Air Canada is confident that solid travel demand will lift its finances this year after a less than stellar end to 2022.
Air Canada expects “solid” demand through 2023 as it comes off a small operating loss last year driven, in part, by operational challenges over the year-end holiday period.
The Montreal-based carrier reported an operating loss of $139 million (C$187 million) for 2022 on Friday, with executives citing increased fuel expenses and weather disruptions as part of the challenge to fly back to profitability. Revenues were 87 percent of 2019 levels at $12.3 billion for 2022. Ticket sales in the fourth quarter surpassed pre-pandemic levels by 2 percent that was, in part, thanks to its stronger than expected performance by its loyalty program, Aeroplan.
The big year-end hit, however, was severe winter weather across North America that disrupted operations over the peak Christmas and New Year holiday travel period. This contributed to roughly $215 million in expenses related to hotels, meals or other forms of customer compensation for 2022.
“In Vancouver, four-foot icicles formed on aircraft and bridges, rendering the assets unusable,” Air Canada Chief Commercial Officer Craig Landry said Friday. “In Calgary, the extreme cold exceeded safe conditions for deicing activities. And in Toronto, facilities such as airport baggage handling systems, started to freeze.”
The increase in fuel expenses, which jumped 42 percent compared to 2019 to $3.9 billion, were driven by increased flying and higher global spot prices for crude oil. The inflationary climate and unfavorable foreign exchange rates also contributed to the rising costs.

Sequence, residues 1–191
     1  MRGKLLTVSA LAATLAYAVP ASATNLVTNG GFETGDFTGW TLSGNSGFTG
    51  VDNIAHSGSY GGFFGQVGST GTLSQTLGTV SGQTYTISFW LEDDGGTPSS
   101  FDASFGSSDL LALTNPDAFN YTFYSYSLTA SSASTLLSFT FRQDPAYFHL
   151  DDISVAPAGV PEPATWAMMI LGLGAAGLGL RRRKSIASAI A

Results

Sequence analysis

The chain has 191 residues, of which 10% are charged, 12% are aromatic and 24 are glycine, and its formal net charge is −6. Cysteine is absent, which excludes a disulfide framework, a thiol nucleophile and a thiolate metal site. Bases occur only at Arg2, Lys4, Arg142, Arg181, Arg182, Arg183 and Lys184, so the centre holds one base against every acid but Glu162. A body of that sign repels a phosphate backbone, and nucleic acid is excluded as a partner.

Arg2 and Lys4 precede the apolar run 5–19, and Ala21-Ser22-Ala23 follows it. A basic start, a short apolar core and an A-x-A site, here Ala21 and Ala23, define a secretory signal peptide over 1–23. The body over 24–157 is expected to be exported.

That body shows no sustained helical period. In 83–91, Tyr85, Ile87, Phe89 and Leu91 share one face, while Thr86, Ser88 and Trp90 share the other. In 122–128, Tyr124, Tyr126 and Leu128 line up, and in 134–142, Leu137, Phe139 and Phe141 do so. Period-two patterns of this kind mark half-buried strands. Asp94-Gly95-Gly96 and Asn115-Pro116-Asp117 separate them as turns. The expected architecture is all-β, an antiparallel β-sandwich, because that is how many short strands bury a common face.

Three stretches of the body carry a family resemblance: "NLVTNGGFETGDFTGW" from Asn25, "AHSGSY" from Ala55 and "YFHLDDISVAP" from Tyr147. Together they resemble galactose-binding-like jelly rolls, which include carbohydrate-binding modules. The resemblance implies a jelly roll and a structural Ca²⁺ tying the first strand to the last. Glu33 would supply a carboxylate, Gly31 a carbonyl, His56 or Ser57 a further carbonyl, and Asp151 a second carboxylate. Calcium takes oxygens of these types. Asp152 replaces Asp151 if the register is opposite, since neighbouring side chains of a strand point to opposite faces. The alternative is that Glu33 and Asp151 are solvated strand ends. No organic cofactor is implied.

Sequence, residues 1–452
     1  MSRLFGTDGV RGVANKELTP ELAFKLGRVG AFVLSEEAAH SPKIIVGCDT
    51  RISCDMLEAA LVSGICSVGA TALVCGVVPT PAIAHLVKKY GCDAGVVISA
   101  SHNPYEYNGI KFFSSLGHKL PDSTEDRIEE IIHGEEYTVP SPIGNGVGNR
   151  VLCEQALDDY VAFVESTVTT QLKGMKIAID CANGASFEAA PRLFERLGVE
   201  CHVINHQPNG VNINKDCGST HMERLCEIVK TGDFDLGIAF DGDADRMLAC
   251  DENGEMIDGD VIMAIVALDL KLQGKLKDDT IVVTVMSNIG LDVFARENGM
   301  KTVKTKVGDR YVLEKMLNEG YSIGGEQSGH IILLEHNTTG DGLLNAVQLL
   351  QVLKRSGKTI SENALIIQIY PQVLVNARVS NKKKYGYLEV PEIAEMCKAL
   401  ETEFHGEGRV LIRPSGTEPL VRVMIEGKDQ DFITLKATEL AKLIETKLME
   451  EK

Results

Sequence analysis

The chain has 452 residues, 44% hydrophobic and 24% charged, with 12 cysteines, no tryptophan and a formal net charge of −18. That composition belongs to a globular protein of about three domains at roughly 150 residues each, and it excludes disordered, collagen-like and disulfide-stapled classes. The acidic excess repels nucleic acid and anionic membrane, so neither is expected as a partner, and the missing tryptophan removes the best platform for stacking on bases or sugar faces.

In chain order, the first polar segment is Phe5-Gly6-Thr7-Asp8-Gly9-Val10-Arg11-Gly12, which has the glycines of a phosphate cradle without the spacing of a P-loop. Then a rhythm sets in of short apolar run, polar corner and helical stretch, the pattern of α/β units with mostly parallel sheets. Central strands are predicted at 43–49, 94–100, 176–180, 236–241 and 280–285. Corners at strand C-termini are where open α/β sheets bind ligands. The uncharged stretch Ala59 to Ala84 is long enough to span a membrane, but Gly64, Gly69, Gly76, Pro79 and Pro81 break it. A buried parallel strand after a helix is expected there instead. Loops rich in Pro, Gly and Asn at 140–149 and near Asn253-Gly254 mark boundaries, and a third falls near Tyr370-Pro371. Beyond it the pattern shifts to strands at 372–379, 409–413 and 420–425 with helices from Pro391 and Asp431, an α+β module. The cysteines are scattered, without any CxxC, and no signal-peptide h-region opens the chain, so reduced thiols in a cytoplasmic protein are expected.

Compared to the fourth quarter in 2019, unit costs, measured by the expense to fly a seat one mile, excluding fuel increased roughly 15 percent in 2022. The company expects the metric to be 13-15 percent above 2019 levels for 2023, and is looking towards efficiency savings from investments in technology and artificial intelligence for optimized maintenance planning, revenue management and more self-service options at airports.
Transatlantic demand led Air Canada’s revenues in the fourth quarter, up 16 percent from 2019 and making up 27 percent of the airline’s entire take during the three months ending in December. Lucrative corporate travel demand in North America is holding at roughly 70 percent of 2019 levels, which airline executives largely attributed to a later-than-anticipated return in roadwarriors.
Air Canada is also benefitting from the ease of travel restrictions in Asia-Pacific, but has yet to recover to pre-pandemic capacity levels. The airline continues to rebuild its international network with a tailwind from strong advanced bookings.
The airline is also investing in the customer experience. This includes a multi-year plan to improve onboard dining, including in economy class, and upgrade its premium Maple Leaf lounges. Air Canada also continues its fleet renewal with new Airbus A220, Boeing 737 Max, and Boeing 787s due this year and next. It also has orders for 30 Airbus A321XLRs.
“We expect a solid demand environment throughout all of 2023,” said Michael Rousseau, president and CEO of Air Canada. “Our strong liquidity position, pricing power … [and] diligence regarding our cost structure and our ability to execute on the overall strategic direction provides us a foundation to effectively compete and be very successful.”
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Photo credit: An Air Canada Boeing 787-8 landing at the Frankfurt airport. Oliver Holzbauer / Flickr